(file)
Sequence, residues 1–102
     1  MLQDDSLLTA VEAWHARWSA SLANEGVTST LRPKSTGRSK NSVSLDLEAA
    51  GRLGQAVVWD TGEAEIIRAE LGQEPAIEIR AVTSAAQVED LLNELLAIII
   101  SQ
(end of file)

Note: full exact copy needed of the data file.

Sequence, residues 1–102
     1  MLQDDSLLTA VEAWHARWSA SLANEGVTST LRPKSTGRSK NSVSLDLEAA
    51  GRLGQAVVWD TGEAEIIRAE LGQEPAIEIR AVTSAAQVED LLNELLAIII
   101  SQ